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Gastric ethanol metabolism and gastritis: interactions with other drugs, Helicobacter pylori, and antibiotic therapy (1957-1997)--a review.

Abstract

The stomach provides some protection against the penetration of ethanol into the body by contributing to the metabolism of ethanol. The latter is attenuated by various drugs and, although the magnitude of this effect is still the subject of debate, patients should be warned of the corresponding possible increase in blood alcohol levels. Furthermore, oxidation of ethanol generates acetaldehyde, a toxic metabolite. In addition, chronic alcohol abuse seems to favor colonization by Helicobacter pylori, which produces ammonia that also contributes to the commonly associated chronic gastritis. Because antibiotics were shown over the last 4 decades to effectively eliminate gastric ammonia, they should be considered for the routine treatment of such chronic gastritis in the way they are now being used for ulcer therapy.

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  • Publisher Full Text
  • Authors+Show Affiliations

    Department of Medicine and Pathology, Mount Sinai School of Medicine, Bronx, New York, USA.

    Source

    MeSH

    Alcohol Dehydrogenase
    Alcohol Drinking
    Animals
    Anti-Ulcer Agents
    Drug Synergism
    Ethanol
    Gastric Mucosa
    Gastritis
    Helicobacter Infections
    Helicobacter pylori
    Humans
    Metabolic Clearance Rate

    Pub Type(s)

    Journal Article
    Review

    Language

    eng

    PubMed ID

    9394105

    Citation

    Lieber, C S.. "Gastric Ethanol Metabolism and Gastritis: Interactions With Other Drugs, Helicobacter Pylori, and Antibiotic Therapy (1957-1997)--a Review." Alcoholism, Clinical and Experimental Research, vol. 21, no. 8, 1997, pp. 1360-6.
    Lieber CS. Gastric ethanol metabolism and gastritis: interactions with other drugs, Helicobacter pylori, and antibiotic therapy (1957-1997)--a review. Alcohol Clin Exp Res. 1997;21(8):1360-6.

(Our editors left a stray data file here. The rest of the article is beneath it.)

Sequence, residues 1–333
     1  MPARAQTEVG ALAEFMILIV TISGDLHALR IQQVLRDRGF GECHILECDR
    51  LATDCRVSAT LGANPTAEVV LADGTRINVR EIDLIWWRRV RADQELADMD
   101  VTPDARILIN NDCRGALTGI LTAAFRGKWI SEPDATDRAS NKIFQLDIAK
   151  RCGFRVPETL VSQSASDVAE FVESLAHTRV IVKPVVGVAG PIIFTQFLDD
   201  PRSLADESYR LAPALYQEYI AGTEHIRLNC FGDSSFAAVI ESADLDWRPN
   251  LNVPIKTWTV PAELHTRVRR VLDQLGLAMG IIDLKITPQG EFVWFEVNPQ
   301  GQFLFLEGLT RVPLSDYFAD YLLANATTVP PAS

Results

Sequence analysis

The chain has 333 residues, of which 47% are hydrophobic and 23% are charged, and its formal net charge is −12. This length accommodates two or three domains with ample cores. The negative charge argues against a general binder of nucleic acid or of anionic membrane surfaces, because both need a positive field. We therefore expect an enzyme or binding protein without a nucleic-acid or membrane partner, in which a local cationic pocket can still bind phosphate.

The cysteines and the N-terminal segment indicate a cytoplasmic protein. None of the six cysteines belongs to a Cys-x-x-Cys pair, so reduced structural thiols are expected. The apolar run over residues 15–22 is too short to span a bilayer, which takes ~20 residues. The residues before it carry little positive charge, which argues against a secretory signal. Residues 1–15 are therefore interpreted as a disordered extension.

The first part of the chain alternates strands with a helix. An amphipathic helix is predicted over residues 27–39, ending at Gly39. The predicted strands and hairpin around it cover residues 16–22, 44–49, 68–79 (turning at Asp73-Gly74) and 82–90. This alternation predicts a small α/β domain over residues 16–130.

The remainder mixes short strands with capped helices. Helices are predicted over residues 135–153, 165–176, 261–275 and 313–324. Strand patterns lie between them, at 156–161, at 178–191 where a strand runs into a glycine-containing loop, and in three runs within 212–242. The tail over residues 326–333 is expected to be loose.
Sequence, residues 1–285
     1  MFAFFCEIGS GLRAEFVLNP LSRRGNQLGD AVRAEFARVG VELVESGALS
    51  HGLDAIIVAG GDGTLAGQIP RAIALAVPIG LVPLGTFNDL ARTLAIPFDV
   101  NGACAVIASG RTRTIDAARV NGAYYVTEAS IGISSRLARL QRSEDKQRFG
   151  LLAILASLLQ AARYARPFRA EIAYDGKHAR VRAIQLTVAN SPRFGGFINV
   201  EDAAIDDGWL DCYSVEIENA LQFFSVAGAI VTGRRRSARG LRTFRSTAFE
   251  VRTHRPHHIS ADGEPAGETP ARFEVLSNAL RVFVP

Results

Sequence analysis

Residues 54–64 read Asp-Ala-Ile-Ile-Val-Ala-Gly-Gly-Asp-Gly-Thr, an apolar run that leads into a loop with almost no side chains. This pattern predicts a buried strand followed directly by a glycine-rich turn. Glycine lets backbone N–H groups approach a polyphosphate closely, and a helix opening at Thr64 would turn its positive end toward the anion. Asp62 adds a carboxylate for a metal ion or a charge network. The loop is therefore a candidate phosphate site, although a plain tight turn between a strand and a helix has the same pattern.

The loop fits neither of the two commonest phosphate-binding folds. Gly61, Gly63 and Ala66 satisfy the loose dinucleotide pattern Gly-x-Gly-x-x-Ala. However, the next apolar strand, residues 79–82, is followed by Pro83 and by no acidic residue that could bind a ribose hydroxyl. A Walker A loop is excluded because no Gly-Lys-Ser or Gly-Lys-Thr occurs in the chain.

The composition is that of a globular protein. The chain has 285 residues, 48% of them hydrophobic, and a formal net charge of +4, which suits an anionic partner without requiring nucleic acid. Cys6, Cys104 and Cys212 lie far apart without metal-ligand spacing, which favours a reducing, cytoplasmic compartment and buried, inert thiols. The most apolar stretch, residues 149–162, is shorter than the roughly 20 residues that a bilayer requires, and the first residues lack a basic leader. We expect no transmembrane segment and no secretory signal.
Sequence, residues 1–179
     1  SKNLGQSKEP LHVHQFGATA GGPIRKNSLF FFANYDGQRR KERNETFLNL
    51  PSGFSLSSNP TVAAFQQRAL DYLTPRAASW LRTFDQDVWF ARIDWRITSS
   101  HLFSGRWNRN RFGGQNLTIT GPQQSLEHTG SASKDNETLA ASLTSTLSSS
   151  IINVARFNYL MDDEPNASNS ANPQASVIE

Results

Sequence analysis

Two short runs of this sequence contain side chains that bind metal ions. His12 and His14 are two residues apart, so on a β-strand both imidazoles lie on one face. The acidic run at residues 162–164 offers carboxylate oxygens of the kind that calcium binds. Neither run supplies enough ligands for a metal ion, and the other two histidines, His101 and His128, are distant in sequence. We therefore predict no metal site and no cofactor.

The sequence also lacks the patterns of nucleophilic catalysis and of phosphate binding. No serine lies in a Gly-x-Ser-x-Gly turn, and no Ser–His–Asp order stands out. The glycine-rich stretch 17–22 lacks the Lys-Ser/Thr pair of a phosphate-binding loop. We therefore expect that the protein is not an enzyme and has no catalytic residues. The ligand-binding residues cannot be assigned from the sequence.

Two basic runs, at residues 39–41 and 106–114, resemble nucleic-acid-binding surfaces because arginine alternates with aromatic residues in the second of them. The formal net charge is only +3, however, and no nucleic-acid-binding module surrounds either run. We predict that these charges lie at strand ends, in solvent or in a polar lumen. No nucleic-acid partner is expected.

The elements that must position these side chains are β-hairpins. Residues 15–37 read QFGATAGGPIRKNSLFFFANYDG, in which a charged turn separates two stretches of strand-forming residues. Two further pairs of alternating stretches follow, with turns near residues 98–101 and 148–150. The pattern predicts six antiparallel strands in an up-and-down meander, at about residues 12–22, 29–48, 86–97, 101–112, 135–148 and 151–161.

Lieber, C. S. (1997). Gastric ethanol metabolism and gastritis: interactions with other drugs, Helicobacter pylori, and antibiotic therapy (1957-1997)--a review. Alcoholism, Clinical and Experimental Research, 21(8), pp. 1360-6.
    Lieber CS. Gastric Ethanol Metabolism and Gastritis: Interactions With Other Drugs, Helicobacter Pylori, and Antibiotic Therapy (1957-1997)--a Review. Alcohol Clin Exp Res. 1997;21(8):1360-6. PubMed PMID: 9394105.
    * Article titles in AMA citation format should be in sentence-case
    TY - JOUR T1 - Gastric ethanol metabolism and gastritis: interactions with other drugs, Helicobacter pylori, and antibiotic therapy (1957-1997)--a review. A1 - Lieber,C S, PY - 1997/12/12/pubmed PY - 1997/12/12/medline PY - 1997/12/12/entrez SP - 1360 EP - 6 JF - Alcoholism, clinical and experimental research JO - Alcohol. Clin. Exp. Res. VL - 21 IS - 8 N2 - The stomach provides some protection against the penetration of ethanol into the body by contributing to the metabolism of ethanol. The latter is attenuated by various drugs and, although the magnitude of this effect is still the subject of debate, patients should be warned of the corresponding possible increase in blood alcohol levels. Furthermore, oxidation of ethanol generates acetaldehyde, a toxic metabolite. In addition, chronic alcohol abuse seems to favor colonization by Helicobacter pylori, which produces ammonia that also contributes to the commonly associated chronic gastritis. Because antibiotics were shown over the last 4 decades to effectively eliminate gastric ammonia, they should be considered for the routine treatment of such chronic gastritis in the way they are now being used for ulcer therapy. SN - 0145-6008 UR - https://www.unboundmedicine.com/medline/citation/9394105/full_citation L2 - https://onlinelibrary.wiley.com/resolve/openurl?genre=article&sid=nlm:pubmed&issn=0145-6008&date=1997&volume=21&issue=8&spage=1360 DB - PRIME DP - Unbound Medicine ER -